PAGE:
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Opinion

‘We need to bust the myths that too often exist around children who wait longest to be adopted’

Mark Owers, Chair of the National Adoption Recruitment Steering Group, says that if people keep an open mind they’ll find adoption as rewarding an experience as he has

I’ve always wanted to adopt from an early age. For me it became a necessity in later life: my wife and I tried to have our own children naturally for seven years. Our struggle with fertility was incredibly challenging, and like so many people like us who struggle to bear a child and are disappointed time and again; it can be a really dark experience. 

After seven years, we said goodbye to our own fertility journey and embraced adoption. We began to explore the process and went in thinking we wanted a baby, or very young children to mould them in our image. But very quickly our eyes were opened to the range of children waiting for their forever family, particularly those who wait the longest.

Sadly, children who are over five years old, in brother and sister groups, or who have additional needs tend to wait a year longer to be adopted from care, compared to other children – and children from ethnic minorities also face delays due to a range of factors. 

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Most people who come forward to adopt have an idea of wanting a very young child or baby, just like we did – in fact, 88 per cent of those who have thought about adoption say they would prefer to adopt a child aged between one and four. People worry they’ll be overwhelmed or lack the skills and resilience to look after older children or sibling groups, as well as children who might have a physical or learning disability.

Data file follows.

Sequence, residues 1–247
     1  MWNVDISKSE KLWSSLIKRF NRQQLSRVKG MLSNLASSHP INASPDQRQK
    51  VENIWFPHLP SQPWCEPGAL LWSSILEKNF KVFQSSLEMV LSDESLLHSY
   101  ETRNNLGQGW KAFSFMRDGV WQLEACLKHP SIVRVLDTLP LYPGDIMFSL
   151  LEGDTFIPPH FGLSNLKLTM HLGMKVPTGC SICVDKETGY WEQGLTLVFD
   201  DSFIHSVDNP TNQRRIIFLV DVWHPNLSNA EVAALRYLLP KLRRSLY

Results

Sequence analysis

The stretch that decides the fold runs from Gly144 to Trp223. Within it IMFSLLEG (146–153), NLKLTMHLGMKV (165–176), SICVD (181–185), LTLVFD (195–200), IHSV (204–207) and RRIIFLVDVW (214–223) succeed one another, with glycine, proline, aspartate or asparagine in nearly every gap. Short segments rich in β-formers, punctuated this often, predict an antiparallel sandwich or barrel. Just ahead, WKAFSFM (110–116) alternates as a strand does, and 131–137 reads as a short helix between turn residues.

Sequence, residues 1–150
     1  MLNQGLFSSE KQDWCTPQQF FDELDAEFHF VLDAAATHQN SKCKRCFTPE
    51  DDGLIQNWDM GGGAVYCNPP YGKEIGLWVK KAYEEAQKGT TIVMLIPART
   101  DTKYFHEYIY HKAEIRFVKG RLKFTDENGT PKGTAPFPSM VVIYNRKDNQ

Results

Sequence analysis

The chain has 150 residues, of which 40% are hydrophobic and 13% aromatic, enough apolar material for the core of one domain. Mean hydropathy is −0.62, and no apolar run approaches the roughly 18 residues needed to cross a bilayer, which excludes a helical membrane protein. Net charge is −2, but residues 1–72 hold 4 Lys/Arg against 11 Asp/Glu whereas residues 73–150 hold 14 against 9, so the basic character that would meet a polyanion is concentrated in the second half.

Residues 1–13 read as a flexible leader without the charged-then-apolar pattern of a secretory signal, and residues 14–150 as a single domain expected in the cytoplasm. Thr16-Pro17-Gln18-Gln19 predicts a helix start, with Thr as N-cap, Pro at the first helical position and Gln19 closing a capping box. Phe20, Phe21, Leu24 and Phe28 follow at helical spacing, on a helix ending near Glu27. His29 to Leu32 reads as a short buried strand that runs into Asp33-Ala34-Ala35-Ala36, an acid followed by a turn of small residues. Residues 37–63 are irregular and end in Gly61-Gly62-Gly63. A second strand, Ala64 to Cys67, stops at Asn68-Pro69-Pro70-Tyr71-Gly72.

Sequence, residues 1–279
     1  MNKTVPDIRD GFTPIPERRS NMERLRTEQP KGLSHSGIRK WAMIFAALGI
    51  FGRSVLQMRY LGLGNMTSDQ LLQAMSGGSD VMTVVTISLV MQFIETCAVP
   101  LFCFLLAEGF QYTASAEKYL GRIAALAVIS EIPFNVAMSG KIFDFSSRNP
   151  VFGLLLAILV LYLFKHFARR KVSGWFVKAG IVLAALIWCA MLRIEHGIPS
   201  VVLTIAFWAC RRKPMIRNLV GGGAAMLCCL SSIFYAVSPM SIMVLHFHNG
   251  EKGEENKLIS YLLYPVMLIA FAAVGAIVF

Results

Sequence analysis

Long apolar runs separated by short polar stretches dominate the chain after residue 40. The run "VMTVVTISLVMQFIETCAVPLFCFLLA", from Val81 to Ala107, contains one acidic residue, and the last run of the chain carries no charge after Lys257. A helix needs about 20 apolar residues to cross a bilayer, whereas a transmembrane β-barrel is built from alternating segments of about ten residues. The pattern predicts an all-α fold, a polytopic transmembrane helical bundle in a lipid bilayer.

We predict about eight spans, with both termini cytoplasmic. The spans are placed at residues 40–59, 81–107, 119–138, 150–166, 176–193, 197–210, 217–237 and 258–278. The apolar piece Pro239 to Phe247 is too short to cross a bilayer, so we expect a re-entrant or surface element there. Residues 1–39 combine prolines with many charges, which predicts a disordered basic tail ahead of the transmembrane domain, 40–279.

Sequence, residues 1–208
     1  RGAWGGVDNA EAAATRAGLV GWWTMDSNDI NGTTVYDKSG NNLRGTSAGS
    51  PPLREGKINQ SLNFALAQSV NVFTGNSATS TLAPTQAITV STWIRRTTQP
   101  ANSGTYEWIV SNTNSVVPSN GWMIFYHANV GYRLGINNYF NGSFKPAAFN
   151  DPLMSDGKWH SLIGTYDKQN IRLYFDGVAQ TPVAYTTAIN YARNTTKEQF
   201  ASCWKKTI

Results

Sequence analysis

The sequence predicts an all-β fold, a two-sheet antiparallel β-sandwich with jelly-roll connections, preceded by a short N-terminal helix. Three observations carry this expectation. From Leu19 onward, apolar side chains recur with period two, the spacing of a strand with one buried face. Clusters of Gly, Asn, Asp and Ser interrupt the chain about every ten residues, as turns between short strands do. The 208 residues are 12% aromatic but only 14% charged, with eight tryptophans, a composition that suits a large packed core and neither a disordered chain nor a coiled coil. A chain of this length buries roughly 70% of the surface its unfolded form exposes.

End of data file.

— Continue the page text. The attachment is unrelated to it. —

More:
However as we went through the process, we found ourselves quickly becoming far less rigid in our search criteria. When we came across our children’s profile, a brother and sister who were much older than we’d originally been looking for, we quite simply fell in love with them. Their personalities jumped out of the page at us, particularly the older child because there was more to say and know about him. Only after we were hooked, did we realise that they were nearly five and two years of age, but it didn’t matter: there was something in their characteristics which we fell in love with. 

This is a common experience in adoption, with more than half of adopters saying they became more open minded to children who would typically be considered ‘harder to place’ as they moved through the process.

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One advantage we found when adopting older children was that we were able to learn more about them from their social worker, foster carer and birth mother; they had already developed personalities, we could see how they behaved and acted, as opposed to being very young babies, which we really connected with.